I'm looking for a way to get the following information via AppleScript:

  • all the information ls provides including the creation date/time of a file or folder
  • MD5 hash, Finder labels and Finder/Spotlight comments

into an output like

46737077 drwxr-xr-x 2 Jonas 68 Oct 4 15:39:34 2012 /Users/Jonas/Desktop/test/test.txt 5 md5_here finder_comment_here

What I currently have is some old code which needs tweaking (creation date/time is missing):

do shell script "find -x " & my_path & " -print0 | xargs -0 ls -d -F -P -l -T -a -e -i -o -p -q " & my_path user name "user" password "pin" with administrator privileges

and some basic looping code for the comments/labels

set results_list to "/Users/Jonas/Desktop/test1.txt /Users/Jonas/Desktop/test2.txt"
set comm to {}  
set labels to {}  
repeat with counter from 1 to count paragraphs in results_list  
    tell application "Finder" to set end of comm to comment of item ((POSIX file (paragraph counter in results_list)) as string)  
    tell application "Finder" to set end of labels to label index of item ((POSIX file (paragraph counter in results_list)) as string)  
end repeat  

but now I'm kind of stuck in combining this all together.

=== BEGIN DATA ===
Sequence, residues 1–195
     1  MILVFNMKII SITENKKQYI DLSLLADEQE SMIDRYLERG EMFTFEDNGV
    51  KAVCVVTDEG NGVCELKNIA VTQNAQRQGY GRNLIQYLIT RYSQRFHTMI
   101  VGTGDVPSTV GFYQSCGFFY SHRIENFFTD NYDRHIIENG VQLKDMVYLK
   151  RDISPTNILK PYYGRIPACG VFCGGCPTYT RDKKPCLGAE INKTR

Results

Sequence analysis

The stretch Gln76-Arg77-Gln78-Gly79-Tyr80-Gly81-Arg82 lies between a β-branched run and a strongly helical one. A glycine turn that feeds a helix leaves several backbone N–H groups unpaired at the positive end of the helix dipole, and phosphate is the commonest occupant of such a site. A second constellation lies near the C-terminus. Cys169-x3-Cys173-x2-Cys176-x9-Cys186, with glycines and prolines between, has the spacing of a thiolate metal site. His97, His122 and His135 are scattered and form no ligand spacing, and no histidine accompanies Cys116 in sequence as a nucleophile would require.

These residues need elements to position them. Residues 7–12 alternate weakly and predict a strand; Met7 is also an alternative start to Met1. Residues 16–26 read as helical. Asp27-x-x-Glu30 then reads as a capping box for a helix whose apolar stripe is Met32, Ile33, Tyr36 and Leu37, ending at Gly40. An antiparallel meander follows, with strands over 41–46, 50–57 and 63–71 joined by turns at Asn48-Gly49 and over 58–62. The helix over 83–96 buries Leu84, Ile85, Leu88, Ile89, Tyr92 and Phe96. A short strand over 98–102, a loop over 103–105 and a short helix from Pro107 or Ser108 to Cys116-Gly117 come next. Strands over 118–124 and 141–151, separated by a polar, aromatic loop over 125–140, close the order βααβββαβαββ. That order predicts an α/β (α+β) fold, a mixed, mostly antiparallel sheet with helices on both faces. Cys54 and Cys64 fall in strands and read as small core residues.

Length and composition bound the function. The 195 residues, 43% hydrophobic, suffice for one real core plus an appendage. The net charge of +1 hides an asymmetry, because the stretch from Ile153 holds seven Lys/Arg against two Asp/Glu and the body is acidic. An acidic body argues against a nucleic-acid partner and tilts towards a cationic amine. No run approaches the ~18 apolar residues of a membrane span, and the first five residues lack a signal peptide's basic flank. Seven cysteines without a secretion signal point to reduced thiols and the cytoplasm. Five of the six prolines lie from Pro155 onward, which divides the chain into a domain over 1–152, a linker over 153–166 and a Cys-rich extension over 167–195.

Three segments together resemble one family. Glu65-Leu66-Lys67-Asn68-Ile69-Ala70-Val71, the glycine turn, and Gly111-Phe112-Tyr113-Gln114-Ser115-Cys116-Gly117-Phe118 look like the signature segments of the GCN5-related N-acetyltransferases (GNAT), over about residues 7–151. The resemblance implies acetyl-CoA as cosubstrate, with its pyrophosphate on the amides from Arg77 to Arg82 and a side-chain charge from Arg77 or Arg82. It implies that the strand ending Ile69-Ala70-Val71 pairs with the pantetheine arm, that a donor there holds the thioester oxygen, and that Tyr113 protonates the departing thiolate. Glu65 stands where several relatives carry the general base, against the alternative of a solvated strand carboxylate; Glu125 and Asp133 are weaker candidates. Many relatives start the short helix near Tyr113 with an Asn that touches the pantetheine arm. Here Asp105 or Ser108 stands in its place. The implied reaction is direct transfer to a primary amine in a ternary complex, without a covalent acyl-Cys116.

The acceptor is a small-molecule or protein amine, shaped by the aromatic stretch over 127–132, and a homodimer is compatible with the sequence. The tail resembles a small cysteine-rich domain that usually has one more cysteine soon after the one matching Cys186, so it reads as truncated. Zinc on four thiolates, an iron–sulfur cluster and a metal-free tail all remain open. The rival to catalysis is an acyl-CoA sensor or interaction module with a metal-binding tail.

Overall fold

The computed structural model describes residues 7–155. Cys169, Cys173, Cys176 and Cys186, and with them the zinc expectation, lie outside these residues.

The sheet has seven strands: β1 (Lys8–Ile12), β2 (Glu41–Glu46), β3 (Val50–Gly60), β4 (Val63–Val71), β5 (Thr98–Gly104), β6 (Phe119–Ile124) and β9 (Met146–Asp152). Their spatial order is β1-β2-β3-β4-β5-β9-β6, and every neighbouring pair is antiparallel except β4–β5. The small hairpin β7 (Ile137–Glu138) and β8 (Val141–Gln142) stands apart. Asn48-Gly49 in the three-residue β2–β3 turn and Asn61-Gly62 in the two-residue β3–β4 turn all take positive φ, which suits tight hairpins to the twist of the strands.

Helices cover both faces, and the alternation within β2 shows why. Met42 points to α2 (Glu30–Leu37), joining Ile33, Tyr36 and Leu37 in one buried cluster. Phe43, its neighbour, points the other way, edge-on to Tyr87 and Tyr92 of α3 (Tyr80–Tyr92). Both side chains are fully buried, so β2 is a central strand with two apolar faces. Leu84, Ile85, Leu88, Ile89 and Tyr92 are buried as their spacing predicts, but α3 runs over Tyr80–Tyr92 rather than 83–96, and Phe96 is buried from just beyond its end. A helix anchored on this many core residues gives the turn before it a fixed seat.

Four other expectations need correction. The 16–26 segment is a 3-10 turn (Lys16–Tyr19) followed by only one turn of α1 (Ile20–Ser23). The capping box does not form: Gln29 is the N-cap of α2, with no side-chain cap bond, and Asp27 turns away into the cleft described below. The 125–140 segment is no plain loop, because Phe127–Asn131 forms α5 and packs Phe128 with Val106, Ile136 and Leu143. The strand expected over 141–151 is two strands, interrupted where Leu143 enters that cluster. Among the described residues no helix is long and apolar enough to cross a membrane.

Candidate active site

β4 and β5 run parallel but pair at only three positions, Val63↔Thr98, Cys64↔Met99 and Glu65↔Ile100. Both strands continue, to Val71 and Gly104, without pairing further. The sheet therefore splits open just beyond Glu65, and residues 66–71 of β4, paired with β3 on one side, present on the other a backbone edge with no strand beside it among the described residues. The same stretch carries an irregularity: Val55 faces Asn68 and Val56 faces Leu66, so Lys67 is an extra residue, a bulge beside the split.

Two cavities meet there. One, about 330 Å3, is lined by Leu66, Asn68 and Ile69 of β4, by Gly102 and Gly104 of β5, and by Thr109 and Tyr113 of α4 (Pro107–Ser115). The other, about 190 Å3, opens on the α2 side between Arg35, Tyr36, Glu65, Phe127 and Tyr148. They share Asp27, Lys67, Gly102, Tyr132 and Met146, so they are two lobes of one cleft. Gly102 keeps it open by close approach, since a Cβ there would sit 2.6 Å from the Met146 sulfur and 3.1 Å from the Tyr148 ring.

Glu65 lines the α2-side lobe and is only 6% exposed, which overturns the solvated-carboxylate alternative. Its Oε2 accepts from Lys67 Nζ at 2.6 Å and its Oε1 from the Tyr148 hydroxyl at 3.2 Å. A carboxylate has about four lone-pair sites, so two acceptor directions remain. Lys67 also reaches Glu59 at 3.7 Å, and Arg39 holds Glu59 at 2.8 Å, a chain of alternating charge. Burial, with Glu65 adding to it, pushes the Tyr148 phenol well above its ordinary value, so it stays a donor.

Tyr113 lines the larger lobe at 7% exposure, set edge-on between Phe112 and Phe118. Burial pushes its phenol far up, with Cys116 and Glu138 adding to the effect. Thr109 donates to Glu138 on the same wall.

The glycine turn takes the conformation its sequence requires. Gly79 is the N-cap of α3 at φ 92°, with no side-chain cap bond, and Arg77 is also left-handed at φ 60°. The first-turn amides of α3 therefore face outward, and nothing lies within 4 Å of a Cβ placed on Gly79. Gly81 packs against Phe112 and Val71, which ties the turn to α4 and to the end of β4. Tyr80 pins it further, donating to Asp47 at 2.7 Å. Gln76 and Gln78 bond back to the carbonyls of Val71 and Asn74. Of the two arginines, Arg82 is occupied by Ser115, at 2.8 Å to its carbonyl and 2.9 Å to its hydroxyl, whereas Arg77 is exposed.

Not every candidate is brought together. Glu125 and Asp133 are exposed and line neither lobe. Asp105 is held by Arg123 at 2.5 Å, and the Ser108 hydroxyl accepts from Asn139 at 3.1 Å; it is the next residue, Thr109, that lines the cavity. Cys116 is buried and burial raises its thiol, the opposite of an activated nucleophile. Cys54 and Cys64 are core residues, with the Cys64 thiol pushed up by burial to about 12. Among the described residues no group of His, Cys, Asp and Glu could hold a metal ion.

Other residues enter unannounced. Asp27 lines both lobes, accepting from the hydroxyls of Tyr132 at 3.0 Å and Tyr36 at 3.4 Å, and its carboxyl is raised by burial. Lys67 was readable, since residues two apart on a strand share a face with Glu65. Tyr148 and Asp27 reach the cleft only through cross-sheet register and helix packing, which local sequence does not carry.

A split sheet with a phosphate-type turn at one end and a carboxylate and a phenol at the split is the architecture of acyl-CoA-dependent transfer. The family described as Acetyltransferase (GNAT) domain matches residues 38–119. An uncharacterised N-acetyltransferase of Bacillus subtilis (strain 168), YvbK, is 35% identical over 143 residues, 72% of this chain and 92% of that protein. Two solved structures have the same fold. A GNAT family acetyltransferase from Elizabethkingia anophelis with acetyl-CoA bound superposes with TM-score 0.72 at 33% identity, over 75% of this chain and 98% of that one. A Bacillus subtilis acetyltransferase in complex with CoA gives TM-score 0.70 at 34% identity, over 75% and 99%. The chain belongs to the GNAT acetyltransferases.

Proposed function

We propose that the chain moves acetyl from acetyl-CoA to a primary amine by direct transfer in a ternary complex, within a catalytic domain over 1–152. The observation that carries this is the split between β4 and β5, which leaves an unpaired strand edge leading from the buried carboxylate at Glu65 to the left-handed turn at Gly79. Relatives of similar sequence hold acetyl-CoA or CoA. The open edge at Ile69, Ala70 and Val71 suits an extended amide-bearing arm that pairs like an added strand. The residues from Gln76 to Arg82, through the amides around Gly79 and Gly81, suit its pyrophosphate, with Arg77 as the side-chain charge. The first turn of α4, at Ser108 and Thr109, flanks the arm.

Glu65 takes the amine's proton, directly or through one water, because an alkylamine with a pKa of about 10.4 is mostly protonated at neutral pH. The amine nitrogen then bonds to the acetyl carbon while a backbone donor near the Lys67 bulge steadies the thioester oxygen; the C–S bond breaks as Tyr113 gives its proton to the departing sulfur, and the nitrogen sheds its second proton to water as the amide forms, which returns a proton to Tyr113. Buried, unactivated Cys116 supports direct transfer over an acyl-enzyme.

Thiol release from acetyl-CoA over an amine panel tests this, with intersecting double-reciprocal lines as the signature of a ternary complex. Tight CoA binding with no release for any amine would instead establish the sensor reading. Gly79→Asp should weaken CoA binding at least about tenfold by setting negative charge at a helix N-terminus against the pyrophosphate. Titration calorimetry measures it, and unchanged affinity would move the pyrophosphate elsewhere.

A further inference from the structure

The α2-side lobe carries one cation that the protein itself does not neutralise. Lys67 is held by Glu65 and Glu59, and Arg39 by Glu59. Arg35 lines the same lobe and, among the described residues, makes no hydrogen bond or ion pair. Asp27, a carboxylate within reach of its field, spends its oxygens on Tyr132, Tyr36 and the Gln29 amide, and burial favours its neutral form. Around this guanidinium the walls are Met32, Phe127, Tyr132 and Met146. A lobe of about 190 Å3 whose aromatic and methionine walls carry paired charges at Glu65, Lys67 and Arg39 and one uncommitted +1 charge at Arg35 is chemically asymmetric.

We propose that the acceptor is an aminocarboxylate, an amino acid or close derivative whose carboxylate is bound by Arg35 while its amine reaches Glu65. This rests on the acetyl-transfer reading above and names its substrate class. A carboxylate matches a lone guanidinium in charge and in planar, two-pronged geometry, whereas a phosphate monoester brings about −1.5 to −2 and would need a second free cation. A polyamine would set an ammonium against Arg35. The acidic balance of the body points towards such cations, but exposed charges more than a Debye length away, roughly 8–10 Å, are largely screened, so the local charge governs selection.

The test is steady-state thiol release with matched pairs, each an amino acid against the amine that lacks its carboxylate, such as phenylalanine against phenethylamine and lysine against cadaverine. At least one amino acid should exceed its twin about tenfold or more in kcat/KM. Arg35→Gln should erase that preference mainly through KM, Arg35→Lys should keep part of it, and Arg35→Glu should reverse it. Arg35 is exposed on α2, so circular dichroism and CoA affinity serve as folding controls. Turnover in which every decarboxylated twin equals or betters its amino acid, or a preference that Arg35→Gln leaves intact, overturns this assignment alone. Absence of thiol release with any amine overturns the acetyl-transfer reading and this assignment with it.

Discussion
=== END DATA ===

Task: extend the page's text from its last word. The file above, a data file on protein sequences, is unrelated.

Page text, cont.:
• 1
    Looks unnecessarily convoluted to me. Why don't you use ls with the parameters you need and pipe it to a text file? Mar 24, 2013 at 6:27
  • @clueless5 As asked the question leaves a rather narrow room for an answer and the risk is that no answer is possible. To improve the question, could you take one step back from the old code and list the things you want to know about each file and what you want to do with it afterwards? This would make it much easier for anybody to find OS X specific answers.
    – nohillside
    Mar 24, 2013 at 9:06
  • @clueless5 I did some heavy editing to combine the additional information you provided with the original question. Please revise and edit where you see fit and also check whether I've missed something.
    – nohillside
    Mar 24, 2013 at 15:59

1 Answer 1


I am not sure if you need to have it in this particular way, but why not simply using something like

ls -l > logfile.txt

and add the necessary options to ls if you want it a little bit more specific

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